A spring in our step!

February seems to be running away from us this year and before we know it March will be here, the days will be longer and hopefully brighter!

Reasons we love this season!

  • ‘Spring fever’ – an increase in energy, motivation and vitality for life!
  • Asparagus season is just around the corner. It takes three years to grow asparagus from seed to harvest which is one of the reasons the spears are so highly prized.
  • Spring lamb – the quintessential meat of the season.
  • Delicious leafy herbs and baby greens begin to sprout.
  • Public holidays – lazy, sunny mornings reading the papers and enjoying brunch with the family.
  • Spring weddings – a classic time of year to tie-the-knot – beautiful spring flowers, bright colours and local, seasonal produce. With the weather cooler than in the height of summer, everyone stays comfortable during the day!
  • Farmers’ Markets – highlighting the best of the season and perhaps even the best of the year.
This season is also a great time of year to kick those bad habits and spring clean your diet.  Whether you have given up something for Lent or are embarking on a no sugar, gluten or dairy diet for health reasons, the range of ‘free-from’ foods and recipes has exploded over the last couple of years.
The number of people who identify as having a food allergy or a food intolerance (which as we know, is not the same thing) has increased dramatically in the last twenty or so years. There are lots of theories as to why this might be – a rise in the use of antibiotics, the use of pesticides in farming, the growth of heavily processed foods or increase in the amount of sugar in the diet to name a few. Certainly people are, on the whole, more nutritionally aware and many have discovered that their health has been improved by excluding or limiting certain foods/ingredients in their diet.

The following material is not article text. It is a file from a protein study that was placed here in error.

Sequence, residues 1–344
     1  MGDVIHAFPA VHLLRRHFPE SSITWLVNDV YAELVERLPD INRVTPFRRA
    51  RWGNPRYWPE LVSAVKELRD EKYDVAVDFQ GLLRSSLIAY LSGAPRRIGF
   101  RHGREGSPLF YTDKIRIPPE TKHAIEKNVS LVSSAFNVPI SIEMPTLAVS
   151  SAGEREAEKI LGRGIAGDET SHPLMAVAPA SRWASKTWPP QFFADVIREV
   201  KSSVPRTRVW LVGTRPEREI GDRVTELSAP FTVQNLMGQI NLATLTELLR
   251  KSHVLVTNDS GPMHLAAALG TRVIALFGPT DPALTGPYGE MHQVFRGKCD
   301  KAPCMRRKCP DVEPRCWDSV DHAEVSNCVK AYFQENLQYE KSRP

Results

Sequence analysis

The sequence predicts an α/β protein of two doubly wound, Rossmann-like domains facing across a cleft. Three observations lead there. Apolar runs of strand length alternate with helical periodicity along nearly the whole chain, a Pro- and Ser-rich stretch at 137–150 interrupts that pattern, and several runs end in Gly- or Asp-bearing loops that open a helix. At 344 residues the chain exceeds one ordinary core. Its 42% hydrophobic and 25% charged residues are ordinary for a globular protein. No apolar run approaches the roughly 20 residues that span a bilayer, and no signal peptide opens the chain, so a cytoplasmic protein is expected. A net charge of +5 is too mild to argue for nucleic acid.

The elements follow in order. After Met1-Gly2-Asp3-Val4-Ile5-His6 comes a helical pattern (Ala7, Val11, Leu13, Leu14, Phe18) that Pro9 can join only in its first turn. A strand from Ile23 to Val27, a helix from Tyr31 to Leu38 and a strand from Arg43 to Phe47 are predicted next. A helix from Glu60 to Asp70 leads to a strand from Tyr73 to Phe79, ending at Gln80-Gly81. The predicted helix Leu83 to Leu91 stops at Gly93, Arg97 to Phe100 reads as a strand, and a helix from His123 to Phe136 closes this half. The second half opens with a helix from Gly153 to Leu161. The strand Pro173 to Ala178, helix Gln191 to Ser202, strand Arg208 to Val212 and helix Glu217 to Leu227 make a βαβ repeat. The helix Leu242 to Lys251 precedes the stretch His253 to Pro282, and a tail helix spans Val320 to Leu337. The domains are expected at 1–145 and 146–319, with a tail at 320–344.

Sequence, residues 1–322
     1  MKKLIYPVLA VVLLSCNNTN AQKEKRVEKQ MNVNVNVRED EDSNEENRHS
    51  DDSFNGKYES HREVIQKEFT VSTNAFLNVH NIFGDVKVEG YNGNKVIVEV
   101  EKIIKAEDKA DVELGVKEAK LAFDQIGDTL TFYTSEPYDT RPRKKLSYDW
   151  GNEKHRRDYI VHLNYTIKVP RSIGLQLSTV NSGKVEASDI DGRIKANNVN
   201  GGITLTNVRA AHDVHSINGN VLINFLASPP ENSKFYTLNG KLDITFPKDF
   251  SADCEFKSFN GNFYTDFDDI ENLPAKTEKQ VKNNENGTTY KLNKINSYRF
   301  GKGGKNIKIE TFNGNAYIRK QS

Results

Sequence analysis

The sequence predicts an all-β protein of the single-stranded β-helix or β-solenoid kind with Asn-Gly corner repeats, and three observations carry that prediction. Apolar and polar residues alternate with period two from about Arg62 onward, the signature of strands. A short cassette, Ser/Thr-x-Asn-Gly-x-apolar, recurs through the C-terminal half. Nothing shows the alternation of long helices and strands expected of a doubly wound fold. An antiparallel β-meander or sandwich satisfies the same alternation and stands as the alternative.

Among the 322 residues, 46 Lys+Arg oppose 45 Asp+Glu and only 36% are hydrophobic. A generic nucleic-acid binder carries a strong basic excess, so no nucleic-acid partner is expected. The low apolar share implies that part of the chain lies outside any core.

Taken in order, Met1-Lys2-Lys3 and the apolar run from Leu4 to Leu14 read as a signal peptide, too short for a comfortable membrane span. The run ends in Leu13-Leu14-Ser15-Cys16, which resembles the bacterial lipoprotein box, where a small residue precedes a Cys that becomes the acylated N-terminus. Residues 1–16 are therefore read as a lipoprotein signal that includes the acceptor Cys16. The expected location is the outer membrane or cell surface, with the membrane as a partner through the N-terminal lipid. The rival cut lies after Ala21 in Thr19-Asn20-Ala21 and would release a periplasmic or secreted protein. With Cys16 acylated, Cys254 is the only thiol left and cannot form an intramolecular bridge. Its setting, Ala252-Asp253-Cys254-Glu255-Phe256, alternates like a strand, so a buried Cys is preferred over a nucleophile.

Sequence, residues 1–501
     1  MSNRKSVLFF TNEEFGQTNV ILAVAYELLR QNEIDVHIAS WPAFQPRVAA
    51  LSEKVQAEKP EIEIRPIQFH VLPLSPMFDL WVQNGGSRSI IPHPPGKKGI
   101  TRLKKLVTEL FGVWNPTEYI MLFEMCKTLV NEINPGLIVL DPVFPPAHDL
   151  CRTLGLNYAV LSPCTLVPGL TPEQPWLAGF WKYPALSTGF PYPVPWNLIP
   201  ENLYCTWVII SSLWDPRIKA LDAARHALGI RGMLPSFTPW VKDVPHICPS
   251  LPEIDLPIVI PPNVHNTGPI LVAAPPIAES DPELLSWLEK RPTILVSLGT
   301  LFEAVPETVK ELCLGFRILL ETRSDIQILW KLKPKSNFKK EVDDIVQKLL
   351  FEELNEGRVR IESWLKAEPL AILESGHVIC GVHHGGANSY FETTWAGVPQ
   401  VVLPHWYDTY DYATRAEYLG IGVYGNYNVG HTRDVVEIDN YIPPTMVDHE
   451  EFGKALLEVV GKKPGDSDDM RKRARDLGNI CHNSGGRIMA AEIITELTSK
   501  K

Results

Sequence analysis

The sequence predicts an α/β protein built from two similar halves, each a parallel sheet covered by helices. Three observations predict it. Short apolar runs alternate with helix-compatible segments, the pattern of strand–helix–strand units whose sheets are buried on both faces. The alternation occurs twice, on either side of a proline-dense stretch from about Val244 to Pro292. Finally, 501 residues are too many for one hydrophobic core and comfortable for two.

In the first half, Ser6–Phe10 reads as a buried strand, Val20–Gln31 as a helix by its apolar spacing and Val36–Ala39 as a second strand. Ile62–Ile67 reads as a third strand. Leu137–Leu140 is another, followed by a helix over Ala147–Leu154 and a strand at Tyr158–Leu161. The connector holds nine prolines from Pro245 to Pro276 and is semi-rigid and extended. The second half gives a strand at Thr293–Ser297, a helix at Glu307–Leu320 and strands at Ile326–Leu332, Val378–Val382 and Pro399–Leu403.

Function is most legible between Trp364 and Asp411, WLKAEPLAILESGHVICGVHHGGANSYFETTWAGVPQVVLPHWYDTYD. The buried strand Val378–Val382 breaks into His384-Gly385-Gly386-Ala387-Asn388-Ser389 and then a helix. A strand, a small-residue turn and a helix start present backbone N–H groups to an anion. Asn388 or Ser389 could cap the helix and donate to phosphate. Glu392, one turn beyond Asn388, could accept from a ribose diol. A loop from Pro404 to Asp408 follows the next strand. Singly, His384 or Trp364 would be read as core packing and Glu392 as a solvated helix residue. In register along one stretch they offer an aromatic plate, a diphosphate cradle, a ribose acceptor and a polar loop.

Last year, we expanded our range of ‘free-from’ food. We are always happy to discuss specific dietary requirements and provide alternative menu options to cater for our clients and their guests.

Below are a few ingredients which we’ve been experimenting with in the ffO kitchen – sometimes using them as substitutes or alternatives although, of course, they are all great ingredients in their own right!

  • Goat, sheep or buffalo milk – some people find their tolerance to these milks is better than to cow and there are other products such as cream, butter, yoghurt and cheese to consider which are much more readily available these days.
  • Quinoa – now available as ‘rolled quinoa’, it can be used to make gluten-free porridge or in place of oats in other recipes and is high in protein and rich in minerals.
  • Honey – long been used as an alternative to refined sugar, it also contains numerous nutrients and is heralded as having several health benefits including antibacterial properties. Honey works well in some baking, helping keeping cakes moist.
  • Coconut oil – an excellent alternative to butter (you can buy a refined version if you don’t want the taste of coconut and although it is more refined/processed than virgin coconut oil, it still retains many of the health benefits).
  • Stevia – a natural sweetener made from the Stevia plant from South America.
  • Chia seeds – containing protein, antioxidants, fibre, Omega-3 fatty acids and other important nutrients. Also a useful thickener in desserts and in vegan baking in place of egg.
  • Vegetable ‘pastas’ or ‘noodles’ – many kitchens now contain a spiralizer. A great way to reduce your carbohydrate intake or replace wheat-based products. Use a food processor to turn raw cauliflower into a really good ‘cous cous’ – no need to cook.
  • Alternative ‘flours’ – buckwheat (not a wheat at all but a seed), rice flour, coconut and chestnut flour which are both grain free  –  the latter is especially good for cakes but it does go stale quite quickly so buy in small quantities and teff, a very small grain for a type of grass providing large amounts of iron, calcium and potassium.

Finally, a recipe for spring morning coffee breaks! This delicious lemon and pistachio cake is dairy and gluten free.

20140831_130427 [1109553]

Advertisements

Time to return to traditional remedies?